Ed Doherty came to Arizona from his post as an assistant coach for the NFL's Philadelphia Eagles.[20] In two seasons, Doherty compiled a record of 4–15–1[21] before getting fired. Doherty is the only person to serve as head football coach at both Arizona and archrival Arizona State.

Jim LaRue (1959–1966)[edit]

Jim LaRue, formerly running backs coach at Houston, was hired to take over the Arizona Wildcats football program as head coach after Doherty's firing. LaRue's 1961 team finished 8–1–1 and finished the season ranked #17 in the final AP Poll.[22] After that season, Arizona joined the Western Athletic Conference and LaRue's teams posted records of 5–5, 5–5, 6–3–1, 3–7 and 3–7 before LaRue was fired, largely because of the sub-par on-the-field performances but also pressure from fans and alumni.[22][23]

Darrell Mudra (1967–1968)[edit]

Coach Mudra

Darrell Mudra came to Arizona from North Dakota State and breathed life into a seemingly lifeless Arizona football program.[24] His first team posted a record of 3–6–1 but in his second year, Mudra's Wildcats posted a record of 8–3, capped with a loss in the 1968 Sun Bowl, only the Wildcats third bowl appearance in school history and first since 1949.[25] Mudra left Arizona after two seasons to accept the head football coach position at Western Illinois.[26] His final record is 11–9–1.[24] Mudra was inducted into the College Football Hall of Fame as a coach in 2000.[24]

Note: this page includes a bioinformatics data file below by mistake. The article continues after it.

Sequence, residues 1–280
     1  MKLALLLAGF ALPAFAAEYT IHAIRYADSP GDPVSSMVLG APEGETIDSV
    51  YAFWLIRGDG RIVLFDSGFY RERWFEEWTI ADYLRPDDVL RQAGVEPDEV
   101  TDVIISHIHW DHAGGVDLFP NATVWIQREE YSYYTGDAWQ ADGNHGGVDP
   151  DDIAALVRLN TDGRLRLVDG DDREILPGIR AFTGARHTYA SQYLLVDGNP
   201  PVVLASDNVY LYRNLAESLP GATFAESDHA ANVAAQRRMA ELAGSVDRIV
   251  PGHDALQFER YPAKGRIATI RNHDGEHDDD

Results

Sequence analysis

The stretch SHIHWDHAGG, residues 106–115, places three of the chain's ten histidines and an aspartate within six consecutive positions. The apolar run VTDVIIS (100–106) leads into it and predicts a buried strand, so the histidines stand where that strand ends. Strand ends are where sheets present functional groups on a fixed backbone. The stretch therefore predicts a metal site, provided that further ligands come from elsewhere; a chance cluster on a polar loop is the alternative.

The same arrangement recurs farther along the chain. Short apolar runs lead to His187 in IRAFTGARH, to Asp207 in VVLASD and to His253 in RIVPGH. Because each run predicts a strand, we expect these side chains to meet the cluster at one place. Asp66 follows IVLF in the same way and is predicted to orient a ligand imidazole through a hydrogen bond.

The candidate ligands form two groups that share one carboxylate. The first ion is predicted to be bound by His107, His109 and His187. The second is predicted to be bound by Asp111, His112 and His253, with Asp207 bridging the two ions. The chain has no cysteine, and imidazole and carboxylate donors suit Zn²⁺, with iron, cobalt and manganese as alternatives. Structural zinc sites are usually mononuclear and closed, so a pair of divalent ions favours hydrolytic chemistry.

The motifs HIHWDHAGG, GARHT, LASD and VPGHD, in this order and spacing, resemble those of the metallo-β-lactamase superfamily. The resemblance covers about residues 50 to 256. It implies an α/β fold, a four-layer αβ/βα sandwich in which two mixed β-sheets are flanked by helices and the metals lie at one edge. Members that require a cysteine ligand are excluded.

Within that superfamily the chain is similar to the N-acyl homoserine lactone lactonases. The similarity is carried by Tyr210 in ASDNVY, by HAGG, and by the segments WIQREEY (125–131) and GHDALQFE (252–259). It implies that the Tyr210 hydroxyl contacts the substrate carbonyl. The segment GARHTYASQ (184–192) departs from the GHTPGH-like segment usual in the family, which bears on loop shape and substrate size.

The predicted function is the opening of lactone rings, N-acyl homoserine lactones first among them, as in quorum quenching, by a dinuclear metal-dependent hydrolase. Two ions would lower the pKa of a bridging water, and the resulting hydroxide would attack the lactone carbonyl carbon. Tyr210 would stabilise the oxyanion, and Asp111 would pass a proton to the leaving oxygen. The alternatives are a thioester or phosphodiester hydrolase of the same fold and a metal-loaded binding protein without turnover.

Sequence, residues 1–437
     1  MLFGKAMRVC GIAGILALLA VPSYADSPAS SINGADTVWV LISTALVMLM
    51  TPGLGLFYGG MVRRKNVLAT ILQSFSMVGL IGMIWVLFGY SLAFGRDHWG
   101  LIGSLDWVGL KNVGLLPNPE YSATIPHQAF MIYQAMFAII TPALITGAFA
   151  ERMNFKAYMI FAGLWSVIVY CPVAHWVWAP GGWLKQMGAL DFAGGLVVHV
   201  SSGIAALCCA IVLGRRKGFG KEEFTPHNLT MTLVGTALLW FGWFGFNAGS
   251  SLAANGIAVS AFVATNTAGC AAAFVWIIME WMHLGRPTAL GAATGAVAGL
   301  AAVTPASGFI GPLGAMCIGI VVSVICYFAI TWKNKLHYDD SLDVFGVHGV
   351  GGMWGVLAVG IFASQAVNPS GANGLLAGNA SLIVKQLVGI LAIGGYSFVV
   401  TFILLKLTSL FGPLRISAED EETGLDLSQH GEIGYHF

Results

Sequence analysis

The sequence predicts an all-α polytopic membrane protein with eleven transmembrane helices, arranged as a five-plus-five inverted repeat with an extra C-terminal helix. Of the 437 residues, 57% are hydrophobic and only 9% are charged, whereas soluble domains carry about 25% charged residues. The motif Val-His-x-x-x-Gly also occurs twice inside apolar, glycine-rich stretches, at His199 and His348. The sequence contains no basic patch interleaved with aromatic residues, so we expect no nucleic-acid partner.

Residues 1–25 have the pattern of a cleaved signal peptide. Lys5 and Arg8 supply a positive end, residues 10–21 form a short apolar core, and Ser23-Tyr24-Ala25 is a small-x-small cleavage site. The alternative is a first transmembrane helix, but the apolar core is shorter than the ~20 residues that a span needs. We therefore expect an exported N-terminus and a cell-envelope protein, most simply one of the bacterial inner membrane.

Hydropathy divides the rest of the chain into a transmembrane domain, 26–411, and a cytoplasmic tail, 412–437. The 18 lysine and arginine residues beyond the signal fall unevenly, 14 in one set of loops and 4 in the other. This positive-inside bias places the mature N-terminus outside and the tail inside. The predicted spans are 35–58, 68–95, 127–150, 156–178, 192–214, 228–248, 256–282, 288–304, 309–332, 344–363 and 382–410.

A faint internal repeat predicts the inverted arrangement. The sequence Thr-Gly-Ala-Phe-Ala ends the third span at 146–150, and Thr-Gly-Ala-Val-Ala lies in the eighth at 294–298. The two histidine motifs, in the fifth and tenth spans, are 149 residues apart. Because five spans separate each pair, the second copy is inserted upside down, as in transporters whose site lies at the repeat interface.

Bob Weber (1969–1972)[edit]

Bob Weber was promoted from offensive coordinator to head coach following Mudra's departure.[27] Under Weber, the Wildcats were 16–26, with their best season being a 5–6 1971 season.[28] Weber failed to post a winning season as Arizona's head coach and was fired after four seasons.

Jim Young (1973–1976)[edit]

Jim Young, formerly defensive coordinator at Michigan, was hired to turn around the downtrodden Wildcats football program.[29] Improvement came immediately, as Young's team surprised the nation with an 8–3 record in his first season.[30] Young's Wildcats went on to post records of 9–2 in 1974 and 1975, the latter ending with a #13 and #18 ranking in the Coaches' and AP Polls, respectively.[30] In a rebuilding year, Young's team posted a 5–6 record in 1976 to cap Young's mark of 31–13 in four seasons.[30] Young departed Arizona after the 1976 season to accept the head football coach position at Purdue.[31] He was inducted into the College Football Hall of Fame as a coach in 1999.